Nancy Duxbury


Biography

Nancy Duxbury, PhD, is a Researcher and Co-coordinator of the "Cities, Cultures and Architecture" research group at CES, and a member of the European Expert Network on Culture. She is the Principal Investigator of a major research project on creative tourism, «CREATOUR: Creative Tourism Destination Development in Small Cities and Rural Areas» (2016-2020); and lead of the CES team contributing to the H2020 project, «UNCHARTED: Understanding, Capturing and Fostering the Societal Value of Culture» (2020-2024). Her research also focuses on culture and sustainability, cultural planning, and cultural mapping. She is also part of the Organizing Committee for the Training Series "Publish-do-not-Perish: Survive the Stampede," which offers Advanced Training Seminars for PhD and post-PhD researchers. She is an Adjunct Professor of the School of Communication, Simon Fraser University, Vancouver, Canada, and the Department of Journalism, Communication, and New Media in the Faculty of Arts, Thompson Rivers University, Canada. She holds a doctorate in Communication and a master's in Publishing from Simon Fraser University. Her research has examined municipal involvement in cultural development, cultural infrastructure, cultural indicators, culture and sustainability, cultural policy, and book publishing.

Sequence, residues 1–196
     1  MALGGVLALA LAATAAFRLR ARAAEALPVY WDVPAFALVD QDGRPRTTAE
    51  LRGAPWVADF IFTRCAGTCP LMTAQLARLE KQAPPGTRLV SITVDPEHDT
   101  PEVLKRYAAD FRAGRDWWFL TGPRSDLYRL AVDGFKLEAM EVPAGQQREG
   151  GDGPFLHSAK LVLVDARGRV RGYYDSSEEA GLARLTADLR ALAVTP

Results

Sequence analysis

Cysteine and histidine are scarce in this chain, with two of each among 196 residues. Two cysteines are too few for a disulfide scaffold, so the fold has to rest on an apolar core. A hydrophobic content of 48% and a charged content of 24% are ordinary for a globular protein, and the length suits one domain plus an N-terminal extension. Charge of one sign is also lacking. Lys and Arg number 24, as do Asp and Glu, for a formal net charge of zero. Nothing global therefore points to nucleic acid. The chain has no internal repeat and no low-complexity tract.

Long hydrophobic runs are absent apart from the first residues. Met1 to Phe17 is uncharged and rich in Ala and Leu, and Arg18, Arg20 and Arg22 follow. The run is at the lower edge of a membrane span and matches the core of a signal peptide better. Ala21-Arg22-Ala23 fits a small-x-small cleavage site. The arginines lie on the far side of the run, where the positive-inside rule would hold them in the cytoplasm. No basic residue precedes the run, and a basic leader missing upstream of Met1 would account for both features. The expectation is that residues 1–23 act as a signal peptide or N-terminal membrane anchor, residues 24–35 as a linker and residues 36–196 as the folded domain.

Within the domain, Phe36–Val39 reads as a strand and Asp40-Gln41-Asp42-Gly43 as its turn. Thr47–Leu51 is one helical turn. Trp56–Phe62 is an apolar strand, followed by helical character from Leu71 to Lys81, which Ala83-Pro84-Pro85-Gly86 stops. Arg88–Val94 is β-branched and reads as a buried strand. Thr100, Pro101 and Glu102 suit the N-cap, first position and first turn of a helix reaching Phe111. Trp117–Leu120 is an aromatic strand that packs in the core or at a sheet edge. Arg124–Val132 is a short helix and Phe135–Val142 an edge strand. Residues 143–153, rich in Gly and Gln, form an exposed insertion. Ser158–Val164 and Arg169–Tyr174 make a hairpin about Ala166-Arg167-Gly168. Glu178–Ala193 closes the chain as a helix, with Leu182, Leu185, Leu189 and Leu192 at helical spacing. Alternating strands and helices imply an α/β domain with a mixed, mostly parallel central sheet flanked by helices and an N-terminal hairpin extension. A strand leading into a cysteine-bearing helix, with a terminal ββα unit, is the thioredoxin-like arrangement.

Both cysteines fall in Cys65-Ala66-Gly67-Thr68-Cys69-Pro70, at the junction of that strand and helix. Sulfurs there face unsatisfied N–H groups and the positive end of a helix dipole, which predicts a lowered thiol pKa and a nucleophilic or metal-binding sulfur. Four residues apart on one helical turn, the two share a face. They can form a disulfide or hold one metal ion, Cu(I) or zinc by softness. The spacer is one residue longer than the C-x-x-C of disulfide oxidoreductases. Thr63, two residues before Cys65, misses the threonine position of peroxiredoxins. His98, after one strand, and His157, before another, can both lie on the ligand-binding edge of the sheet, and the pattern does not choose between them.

Latest Publications

Article in Scientific journal

Remoaldo, Paula; Matos, Olga; Gôja, Ricardo; Alves, Juliana; Duxbury, Nancy (2020), "Management practices in creative tourism: Narratives by managers from international institutions to a More Sustainable Form of Tourism", Geosciences, 10, 46, 1-12

Book Chapter

Duxbury, Nancy (2020), Catalyzing creative tourism in small cities and rural areas in Portugal: The CREATOUR approach, in K. Scherf (org.), Creative Tourism and Sustainable Development in Smaller Communities, Volume 1: Approaches. Calgary: University of Calgary Press

Article in Scientific journal

Duxbury, Nancy (2019), "Cultural mapping: addressing the challenge of more participative and pluralist cultural policies and planning", Mouseion, 33, 17-29

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